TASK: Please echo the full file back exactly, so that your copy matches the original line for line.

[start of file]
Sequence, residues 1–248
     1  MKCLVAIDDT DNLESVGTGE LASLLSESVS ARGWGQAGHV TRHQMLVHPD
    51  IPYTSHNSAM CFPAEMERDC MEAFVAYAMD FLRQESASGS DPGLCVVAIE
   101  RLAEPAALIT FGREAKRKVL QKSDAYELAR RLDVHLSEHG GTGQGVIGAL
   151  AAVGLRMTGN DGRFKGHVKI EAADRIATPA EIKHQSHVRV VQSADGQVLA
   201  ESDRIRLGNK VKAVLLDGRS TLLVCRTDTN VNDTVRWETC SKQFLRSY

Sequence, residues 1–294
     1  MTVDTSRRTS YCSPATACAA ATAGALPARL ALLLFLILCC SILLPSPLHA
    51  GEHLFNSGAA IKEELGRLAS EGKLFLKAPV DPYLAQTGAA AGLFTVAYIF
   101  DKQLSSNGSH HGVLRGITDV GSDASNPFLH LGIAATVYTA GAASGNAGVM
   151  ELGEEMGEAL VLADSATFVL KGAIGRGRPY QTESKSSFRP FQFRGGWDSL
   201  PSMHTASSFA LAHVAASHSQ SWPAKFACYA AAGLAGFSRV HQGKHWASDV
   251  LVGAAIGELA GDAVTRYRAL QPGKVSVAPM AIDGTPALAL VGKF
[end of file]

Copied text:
Sequence, residues 1–248
     1  MKCLVAIDDT DNLESVGTGE LASLLSESVS ARGWGQAGHV TRHQMLVHPD
    51  IPYTSHNSAM CFPAEMERDC MEAFVAYAMD FLRQESASGS DPGLCVVAIE
   101  RLAEPAALIT FGREAKRKVL QKSDAYELAR RLDVHLSEHG GTGQGVIGAL
   151  AAVGLRMTGN DGRFKGHVKI EAADRIATPA EIKHQSHVRV VQSADGQVLA
   201  ESDRIRLGNK VKAVLLDGRS TLLVCRTDTN VNDTVRWETC SKQFLRSY

Sequence, residues 1–294
     1  MTVDTSRRTS YCSPATACAA ATAGALPARL ALLLFLILCC SILLPSPLHA
    51  GEHLFNSGAA IKEELGRLAS EGKLFLKAPV DPYLAQTGAA AGLFTVAYIF
   101  DKQLSSNGSH HGVLRGITDV GSDASNPFLH LGIAATVYTA GAASGNAGVM
   151  ELGEEMGEAL VLADSATFVL KGAIGRGRPY QTESKSSFRP FQFRGGWDSL
   201  PSMHTASSFA LAHVAASHSQ SWPAKFACYA AAGLAGFSRV HQGKHWASDV
   251  LVGAAIGELA GDAVTRYRAL QPGKVSVAPM AIDGTPALAL VGKF